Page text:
ERIC Number: ED473120
Record Type: Non-Journal
Publication Date: 2002-Jun
Reference Count: N/A
Understanding the Black-White Test Score Gap in the First Two Years of School. NBER Working Paper Series.
Fryer, Roland G., Jr.; Levitt, Steven D.
In previous research, a substantial gap in test scores between white and black students persists, even after controlling for a wide range of observable characteristics. Using a data set made available by the National Center for Education Statistics, the Early Childhood Longitudinal Study, this paper demonstrates that in stark contrast to earlier studies, the black-white test score gap among incoming kindergartners disappears when controlling for a small number of covariates. Over the first 2 years of school, however, blacks lose substantial ground relative to other races. There is suggestive evidence that differences in school quality may be an important part of the explanation. None of the other hypotheses tested to explain why Blacks are losing ground receive any empirical backing. The difference between this study's findings and previous research is consistent with real gains made by recent cohorts of blacks, although other explanations are also possible. (Contains 55 references.) (Author/SM)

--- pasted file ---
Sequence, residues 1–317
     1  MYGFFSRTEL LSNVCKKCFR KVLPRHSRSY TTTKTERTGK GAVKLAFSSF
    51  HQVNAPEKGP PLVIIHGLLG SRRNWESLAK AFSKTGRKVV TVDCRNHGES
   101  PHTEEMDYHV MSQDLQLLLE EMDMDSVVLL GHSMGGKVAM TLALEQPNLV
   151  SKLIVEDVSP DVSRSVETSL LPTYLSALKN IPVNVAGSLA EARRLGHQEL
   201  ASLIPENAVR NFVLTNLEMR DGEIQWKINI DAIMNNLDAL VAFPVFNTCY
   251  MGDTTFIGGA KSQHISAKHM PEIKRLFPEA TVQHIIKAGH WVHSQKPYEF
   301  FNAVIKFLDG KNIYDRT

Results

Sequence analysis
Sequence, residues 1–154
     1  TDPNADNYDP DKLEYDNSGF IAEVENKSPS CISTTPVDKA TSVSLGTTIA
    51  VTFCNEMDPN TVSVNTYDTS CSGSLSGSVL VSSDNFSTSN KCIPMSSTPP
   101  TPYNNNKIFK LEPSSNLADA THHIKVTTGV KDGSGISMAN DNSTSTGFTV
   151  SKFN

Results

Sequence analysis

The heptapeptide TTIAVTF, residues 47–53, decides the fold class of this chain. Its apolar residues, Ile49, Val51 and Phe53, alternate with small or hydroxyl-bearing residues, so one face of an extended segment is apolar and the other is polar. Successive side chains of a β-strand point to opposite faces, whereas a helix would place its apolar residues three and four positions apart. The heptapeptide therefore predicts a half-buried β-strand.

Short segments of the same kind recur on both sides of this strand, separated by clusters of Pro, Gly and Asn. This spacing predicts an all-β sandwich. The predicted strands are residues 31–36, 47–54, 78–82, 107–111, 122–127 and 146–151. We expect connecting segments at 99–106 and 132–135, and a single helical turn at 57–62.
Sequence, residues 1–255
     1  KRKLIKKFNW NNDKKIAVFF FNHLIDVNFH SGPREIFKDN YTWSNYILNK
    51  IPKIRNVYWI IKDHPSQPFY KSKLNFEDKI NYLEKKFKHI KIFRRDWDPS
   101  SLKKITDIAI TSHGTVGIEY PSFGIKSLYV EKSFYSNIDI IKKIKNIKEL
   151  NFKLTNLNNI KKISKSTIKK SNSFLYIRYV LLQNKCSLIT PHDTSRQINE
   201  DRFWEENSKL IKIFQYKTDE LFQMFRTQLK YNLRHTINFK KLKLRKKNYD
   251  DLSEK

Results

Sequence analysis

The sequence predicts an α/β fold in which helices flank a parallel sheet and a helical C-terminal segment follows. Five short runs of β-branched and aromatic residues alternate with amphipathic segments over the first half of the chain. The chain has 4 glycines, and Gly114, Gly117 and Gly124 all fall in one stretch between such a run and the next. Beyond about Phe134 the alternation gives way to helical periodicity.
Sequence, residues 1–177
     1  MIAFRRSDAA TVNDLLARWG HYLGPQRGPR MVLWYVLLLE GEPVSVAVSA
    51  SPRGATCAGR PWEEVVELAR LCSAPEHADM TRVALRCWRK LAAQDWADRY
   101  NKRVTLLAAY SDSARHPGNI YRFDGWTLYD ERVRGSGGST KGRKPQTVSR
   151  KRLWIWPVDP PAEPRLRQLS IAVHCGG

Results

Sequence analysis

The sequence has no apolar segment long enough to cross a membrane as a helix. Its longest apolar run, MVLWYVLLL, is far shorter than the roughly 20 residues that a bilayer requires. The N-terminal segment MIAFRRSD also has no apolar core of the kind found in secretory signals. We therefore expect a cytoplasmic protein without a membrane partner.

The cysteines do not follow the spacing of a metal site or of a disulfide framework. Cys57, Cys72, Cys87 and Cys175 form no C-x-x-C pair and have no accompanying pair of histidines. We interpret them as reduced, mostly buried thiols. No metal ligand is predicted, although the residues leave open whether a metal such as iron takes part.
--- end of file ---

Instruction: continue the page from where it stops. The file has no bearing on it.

Descriptors: Academic Achievement, Black Students, Educational Quality, Elementary Secondary Education, Racial Differences, Scores, Socioeconomic Status, Teacher Effectiveness, White Students
National Bureau of Economic Research, 1050 Massachusetts Avenue, Cambridge, MA 02138. Web site: http://www.nber.org.
Publication Type: Reports - Research
Education Level: N/A
Sponsor: National Science Foundation, Arlington, VA.
Authoring Institution: National Bureau of Economic Research, Cambridge, MA.